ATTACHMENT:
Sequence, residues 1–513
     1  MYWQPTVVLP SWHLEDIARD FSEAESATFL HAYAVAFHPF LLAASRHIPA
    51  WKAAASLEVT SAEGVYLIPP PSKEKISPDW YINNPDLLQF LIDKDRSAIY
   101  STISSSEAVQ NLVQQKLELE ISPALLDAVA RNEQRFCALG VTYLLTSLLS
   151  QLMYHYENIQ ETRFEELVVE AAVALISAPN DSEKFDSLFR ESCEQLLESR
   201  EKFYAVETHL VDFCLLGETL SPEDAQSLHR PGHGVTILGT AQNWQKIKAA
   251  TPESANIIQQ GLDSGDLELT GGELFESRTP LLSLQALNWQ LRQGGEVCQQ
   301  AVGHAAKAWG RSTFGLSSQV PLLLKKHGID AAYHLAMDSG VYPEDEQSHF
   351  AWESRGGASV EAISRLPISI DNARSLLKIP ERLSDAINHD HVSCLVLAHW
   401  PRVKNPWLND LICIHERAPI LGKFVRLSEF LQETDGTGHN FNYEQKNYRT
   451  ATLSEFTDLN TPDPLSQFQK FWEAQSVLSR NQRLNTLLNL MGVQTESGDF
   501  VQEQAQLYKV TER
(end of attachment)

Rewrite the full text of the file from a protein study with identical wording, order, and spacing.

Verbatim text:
Sequence, residues 1–513
     1  MYWQPTVVLP SWHLEDIARD FSEAESATFL HAYAVAFHPF LLAASRHIPA
    51  WKAAASLEVT SAEGVYLIPP PSKEKISPDW YINNPDLLQF LIDKDRSAIY
   101  STISSSEAVQ NLVQQKLELE ISPALLDAVA RNEQRFCALG VTYLLTSLLS
   151  QLMYHYENIQ ETRFEELVVE AAVALISAPN DSEKFDSLFR ESCEQLLESR
   201  EKFYAVETHL VDFCLLGETL SPEDAQSLHR PGHGVTILGT AQNWQKIKAA
   251  TPESANIIQQ GLDSGDLELT GGELFESRTP LLSLQALNWQ LRQGGEVCQQ
   301  AVGHAAKAWG RSTFGLSSQV PLLLKKHGID AAYHLAMDSG VYPEDEQSHF
   351  AWESRGGASV EAISRLPISI DNARSLLKIP ERLSDAINHD HVSCLVLAHW
   401  PRVKNPWLND LICIHERAPI LGKFVRLSEF LQETDGTGHN FNYEQKNYRT
   451  ATLSEFTDLN TPDPLSQFQK FWEAQSVLSR NQRLNTLLNL MGVQTESGDF
   501  VQEQAQLYKV TER